Holding Milwaukee parking checkers accountable
If you park on the street in the city of Milwaukee, the parking police will eventually find you doing something wrong. Gino Jorgenson knows that all too well, but his parking story comes with a twist.
Gino lives in the 3500 block of South Kinnickinnic. Last year he was ticketed for not following Milwaukee's winter night parking rules. There's just one problem -- Gino says the city of Milwaukee shouldn't have jurisdiction in St. Francis.
Gino is right. Milwaukee's parking checker had crossed the line, and wrote a bogus ticket. In 2013, that happened more times than you might think. City records show 42 tickets were voided because they were 'not in Milwaukee.' In those cases parking checkers had crossed into the suburbs.
Milwaukee's Public Works Department would not go on camera to explain how this happens, but sent a statement: "Our parking enforcement officers are issued maps and trained as to where city borders are, but sometimes mistakes happen."
The I-Team started tracking those mistakes 3 years ago, and since then we have seen some improvement. To the credit of Milwaukee parking checkers, they're getting it wrong less often.
The number of tickets voided shrank from more than 30,000 in 2011 to about 22,000 last year. What's more, parking checkers are simply writing fewer tickets: 823,000 in 2011, compared with 770,000 last year.
Some things have stayed the same--like those high-tech parking meters still causing headaches.
Alderman Bob Donovan says, "Personally, I've never liked 'em."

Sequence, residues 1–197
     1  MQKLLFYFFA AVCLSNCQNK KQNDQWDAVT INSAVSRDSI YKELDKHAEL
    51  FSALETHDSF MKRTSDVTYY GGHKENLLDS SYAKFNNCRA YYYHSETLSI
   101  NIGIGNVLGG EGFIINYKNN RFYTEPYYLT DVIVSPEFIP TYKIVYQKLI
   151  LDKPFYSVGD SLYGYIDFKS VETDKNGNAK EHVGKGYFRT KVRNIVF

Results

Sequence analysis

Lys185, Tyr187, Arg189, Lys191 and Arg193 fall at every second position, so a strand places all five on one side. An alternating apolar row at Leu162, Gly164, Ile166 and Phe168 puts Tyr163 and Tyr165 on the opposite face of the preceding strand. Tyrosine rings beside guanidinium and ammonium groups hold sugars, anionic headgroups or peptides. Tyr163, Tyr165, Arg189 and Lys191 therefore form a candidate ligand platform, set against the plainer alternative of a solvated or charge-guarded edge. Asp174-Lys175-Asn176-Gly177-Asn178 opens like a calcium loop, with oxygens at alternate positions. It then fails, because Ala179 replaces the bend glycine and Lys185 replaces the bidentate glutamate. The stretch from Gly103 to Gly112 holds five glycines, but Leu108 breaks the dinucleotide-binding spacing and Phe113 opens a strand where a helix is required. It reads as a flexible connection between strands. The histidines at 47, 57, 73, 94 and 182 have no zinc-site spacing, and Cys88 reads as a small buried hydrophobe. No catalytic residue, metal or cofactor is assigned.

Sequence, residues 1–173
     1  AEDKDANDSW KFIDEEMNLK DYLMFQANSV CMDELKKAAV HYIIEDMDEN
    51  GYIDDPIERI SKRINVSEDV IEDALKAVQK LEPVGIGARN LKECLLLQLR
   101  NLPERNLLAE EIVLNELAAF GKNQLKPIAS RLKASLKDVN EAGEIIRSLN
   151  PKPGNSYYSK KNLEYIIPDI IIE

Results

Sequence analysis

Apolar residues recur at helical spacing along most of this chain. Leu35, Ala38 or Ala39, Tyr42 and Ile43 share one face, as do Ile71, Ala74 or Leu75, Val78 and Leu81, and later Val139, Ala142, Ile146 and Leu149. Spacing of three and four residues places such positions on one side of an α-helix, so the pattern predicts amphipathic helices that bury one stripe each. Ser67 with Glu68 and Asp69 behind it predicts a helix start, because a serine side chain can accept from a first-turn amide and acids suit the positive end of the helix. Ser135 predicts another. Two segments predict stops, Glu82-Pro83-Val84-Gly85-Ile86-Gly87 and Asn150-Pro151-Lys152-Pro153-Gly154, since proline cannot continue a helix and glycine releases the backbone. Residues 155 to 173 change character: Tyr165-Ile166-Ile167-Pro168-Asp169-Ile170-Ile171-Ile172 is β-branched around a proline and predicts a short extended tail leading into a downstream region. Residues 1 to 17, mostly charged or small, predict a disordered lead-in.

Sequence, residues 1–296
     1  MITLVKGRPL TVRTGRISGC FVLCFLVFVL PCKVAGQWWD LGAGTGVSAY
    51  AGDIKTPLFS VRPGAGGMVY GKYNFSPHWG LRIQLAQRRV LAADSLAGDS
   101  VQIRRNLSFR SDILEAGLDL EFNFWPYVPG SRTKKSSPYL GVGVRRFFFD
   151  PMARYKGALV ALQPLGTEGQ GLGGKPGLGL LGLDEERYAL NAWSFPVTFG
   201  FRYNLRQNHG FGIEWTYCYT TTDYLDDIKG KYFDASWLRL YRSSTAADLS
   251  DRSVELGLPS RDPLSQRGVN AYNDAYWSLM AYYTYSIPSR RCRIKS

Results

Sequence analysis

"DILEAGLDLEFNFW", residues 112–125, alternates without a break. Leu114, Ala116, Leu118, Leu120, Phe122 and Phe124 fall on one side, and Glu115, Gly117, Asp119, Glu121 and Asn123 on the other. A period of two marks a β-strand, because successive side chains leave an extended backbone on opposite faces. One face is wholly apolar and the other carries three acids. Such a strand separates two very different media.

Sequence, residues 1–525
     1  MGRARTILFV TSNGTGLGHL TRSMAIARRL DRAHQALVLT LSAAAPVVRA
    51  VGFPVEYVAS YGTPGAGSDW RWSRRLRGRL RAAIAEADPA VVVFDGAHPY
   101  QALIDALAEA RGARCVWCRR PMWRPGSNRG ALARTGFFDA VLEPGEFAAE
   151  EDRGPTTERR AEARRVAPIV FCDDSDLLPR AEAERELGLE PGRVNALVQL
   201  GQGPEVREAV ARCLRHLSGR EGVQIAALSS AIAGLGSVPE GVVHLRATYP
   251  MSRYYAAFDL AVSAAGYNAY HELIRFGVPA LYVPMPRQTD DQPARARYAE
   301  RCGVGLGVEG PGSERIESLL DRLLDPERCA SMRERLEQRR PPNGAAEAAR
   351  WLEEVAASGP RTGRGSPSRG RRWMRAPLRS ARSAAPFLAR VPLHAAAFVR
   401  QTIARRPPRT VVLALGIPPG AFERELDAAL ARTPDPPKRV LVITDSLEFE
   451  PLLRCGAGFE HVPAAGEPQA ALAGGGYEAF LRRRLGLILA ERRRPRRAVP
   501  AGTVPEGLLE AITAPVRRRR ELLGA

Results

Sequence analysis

Donovan is an old school kind of guy, and wants to see Public Works fix the problems that keep nagging parkers--nearly 3,000 tickets, or 11 a day, were voided because of problems with those meters. More than half of the voids were because the meters don't always communicate your payment to the parking checkers.
Again DPW responded in a statement, saying in part: "...We realize that machines sometimes fail."
Donovan retorts, "The mission of DPW parking is to raise money for the city of Milwaukee. That's my take on it, and anyone who tells you otherwise is just hosin' ya."
Back in St. Francis, Gino Jorgenson also suspects this is all about money. "And that's the problem. I think it's irresponsible to have a policy where you write the ticket and ask questions later."
After all, writing an invalid ticket takes seconds, but fighting one can take a day. That means it's sometimes easier to pay than prove your innocence.
One piece of good news--incorrect tickets for night parking violations are almost gone. The city's using new technology to check parking permits, and it's more accurate than people. That is already reducing voided tickets and headaches.